James Matthew Barnett was charged with no proof of insurance, following too closely, two counts of violating the Georgia Controlled Substances Act, and two counts of driving under the influence of drugs. Barnett filed a motion to suppress, which the court granted, and the State appeals. For the following reasons, we vacate the judgment and remand the case.
Evidence at the suppression hearing showed that Georgia State Patrol Trooper Dice Clark responded to a call to investigate an accident. Upon arriving at the scene, Clark found a 1997 Nissan Pathfinder which had hit a tree and also found a tractor-trailer which had been involved in the accident. Officer Clark determined that the driver of the Pathfinder was defendant Barnett, who was in an ambulance waiting to be transported to the hospital. Clark talked with Barnett, who was coherent, and asked him what had happened. Barnett told Clark that he had been driving the Pathfinder, that he had fallen asleep at the wheel, and that he did not know what had happened after that. Clark asked Barnett for his driver's license and proof of insurance. Barnett showed his driver's license and told Clark that his proof of insurance was in the glove compartment of the car. Trooper Clark went to the Pathfinder, opened the glove compartment, looked inside, and found an insurance card and a plastic bag that appeared to contain marijuana and a smoking pipe. Clark then followed Barnett to the hospital and read him his rights.
1. The State first argues that the court erred in denying its motion to dismiss Barnett's motion to suppress. Barnett's motion stated that "his vehicle was searched on or about May 1, 1997 and certain items alleged to be contraband were seized." The motion also stated that the seized marijuana and drug-related object were "the fruit of an unreasonable search and seizure," because the search was unreasonable since it was conducted without a warrant or probable cause.
State, 250 Ga. 224
, 227 (3) (297 SE2d 234
) (1982): "[i]t is true that the Code states that a motion to suppress shall 'state facts' showing wherein the search and seizure were unlawful. [OCGA 17-5-30
(b).] However, analysis reveals that, with respect to warrantless searches many of the necessary allegations are negative facts (e.g., the search was conducted without a warrant, the movant did not consent to the search) and conclusions based upon mixed questions of law and negative fact (e.g., the officer lacked probable cause to arrest or search)."
Here, as in Hill v. State, 222 Ga. App. 839 (2) (476 SE2d 634) (1996)
, the motion was sufficient. Compare Young v. State, 225 Ga. App. 208 (1) (483 SE2d 636) (1997)
. The motion contains facts showing the date of the search, the general location of the search (i.e., Barnett's vehicle), the items seized in the search, the fact that the search was conducted without a warrant, and the conclusion that the search was unsupported by probable cause or articulable suspicion. Although the motion does not identify the number of officers who performed the search or state that Barnett did not consent to the search, "[t]he motion in this case was sufficient to put the state on notice as to the type of search involved (without warrant vs. with warrant), which witnesses to bring to the hearing on the motion, and the legal issues to be resolved at that hearing." Lavelle v. State, 250 Ga. at 227.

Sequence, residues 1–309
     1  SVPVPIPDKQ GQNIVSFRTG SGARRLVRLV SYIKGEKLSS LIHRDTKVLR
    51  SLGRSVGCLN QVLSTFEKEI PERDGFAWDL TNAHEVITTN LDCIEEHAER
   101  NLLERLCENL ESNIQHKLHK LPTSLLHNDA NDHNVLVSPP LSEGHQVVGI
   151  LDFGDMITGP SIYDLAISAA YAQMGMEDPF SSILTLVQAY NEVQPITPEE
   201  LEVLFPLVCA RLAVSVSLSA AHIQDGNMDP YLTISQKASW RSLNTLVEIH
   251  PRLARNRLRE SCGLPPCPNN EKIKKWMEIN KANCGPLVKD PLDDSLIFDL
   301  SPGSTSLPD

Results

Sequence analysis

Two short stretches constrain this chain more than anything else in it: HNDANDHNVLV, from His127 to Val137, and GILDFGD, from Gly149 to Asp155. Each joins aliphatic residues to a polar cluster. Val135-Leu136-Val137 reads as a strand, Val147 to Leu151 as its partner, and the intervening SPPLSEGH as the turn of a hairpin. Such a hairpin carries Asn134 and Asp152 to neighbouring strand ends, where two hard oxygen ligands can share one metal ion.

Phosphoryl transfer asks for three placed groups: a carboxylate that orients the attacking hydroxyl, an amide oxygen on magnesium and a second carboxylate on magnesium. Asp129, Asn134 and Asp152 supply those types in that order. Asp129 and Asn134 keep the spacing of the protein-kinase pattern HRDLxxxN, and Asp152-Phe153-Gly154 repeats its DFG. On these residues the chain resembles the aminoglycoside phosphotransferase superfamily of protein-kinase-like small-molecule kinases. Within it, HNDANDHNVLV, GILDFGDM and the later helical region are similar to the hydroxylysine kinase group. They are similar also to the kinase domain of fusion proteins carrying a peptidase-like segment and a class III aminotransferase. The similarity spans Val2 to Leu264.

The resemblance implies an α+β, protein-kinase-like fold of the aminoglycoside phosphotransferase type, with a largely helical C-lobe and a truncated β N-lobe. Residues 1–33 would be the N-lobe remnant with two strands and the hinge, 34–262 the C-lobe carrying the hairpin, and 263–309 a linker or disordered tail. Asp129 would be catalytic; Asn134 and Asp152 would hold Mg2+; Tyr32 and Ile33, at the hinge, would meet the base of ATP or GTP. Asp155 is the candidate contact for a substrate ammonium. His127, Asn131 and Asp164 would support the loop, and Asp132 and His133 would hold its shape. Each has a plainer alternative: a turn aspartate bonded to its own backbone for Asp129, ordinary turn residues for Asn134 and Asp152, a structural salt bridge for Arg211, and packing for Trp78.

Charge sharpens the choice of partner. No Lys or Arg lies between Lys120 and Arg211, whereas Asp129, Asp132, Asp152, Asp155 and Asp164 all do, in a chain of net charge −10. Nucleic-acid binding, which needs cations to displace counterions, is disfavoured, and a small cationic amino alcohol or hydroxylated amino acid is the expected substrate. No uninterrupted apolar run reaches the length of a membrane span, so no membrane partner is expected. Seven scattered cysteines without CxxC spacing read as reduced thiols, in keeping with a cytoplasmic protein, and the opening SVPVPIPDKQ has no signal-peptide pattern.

Because we conclude that the motion was sufficient, we need not consider whether Barnett's letter brief, filed after the suppression hearing but before the court had ruled on the motion, should have been considered in determining the sufficiency of the motion to suppress. See generally Stanley v. State, 206 Ga. App. 125 (1) (424 SE2d 90) (1992)
(concluding that statements in a brief could be considered in determining the sufficiency of the motion to suppress).
2. The State argues that the court erred in granting Barnett's motion to suppress. Specifically, the State contends that the warrantless search was lawful because when Officer Clark discovered the drugs, he was in the process of investigating the accident and was attempting to assure that Barnett had complied with OCGA 40-6-10
, which requires that every driver have insurance. The State also argues that evidence of the exchange between Officer Clark and Barnett established that Barnett gave his implied consent to search the glove compartment for an insurance card.
In granting the motion to suppress, the court stated: "[b]ased on the evidence presently before the Court, the Court cannot find beyond a reasonable doubt that by giving the location of the insurance card, that Defendant Barnett granted consent to Trooper Clark to enter Defendant's vehicle and search the glove compartment." The proper standard for a trial court's determination of whether there is consent to search is preponderance of the evidence. Farley v. State, 195 Ga. App. 721 (394 SE2d 585) (1990)
; United States v. Matlock, 415 U. S. 164, 177 (94 SC 988, 39 LE2d 242) (1974); see generally State v. Roberts, 196 Ga. App. 846 (397 SE2d 183) (1990)
. In using the standard of "beyond a reasonable doubt" for determining whether there was consent, the court erred. Had the court found beyond a reasonable doubt that there was no consent, it would have been clear that the lower standard of preponderance of the evidence was met. But, the court found in the negative here, i.e., that it could not find beyond a reasonable doubt that the defendant consented. Under the standard of preponderance of the evidence, the court might have found that there was consent, or it might not have so found. Accordingly, we must vacate the judgment and remand the case so that the court may employ the correct standard in determining whether defendant consented to the search.
Randall M. Clark, for appellee.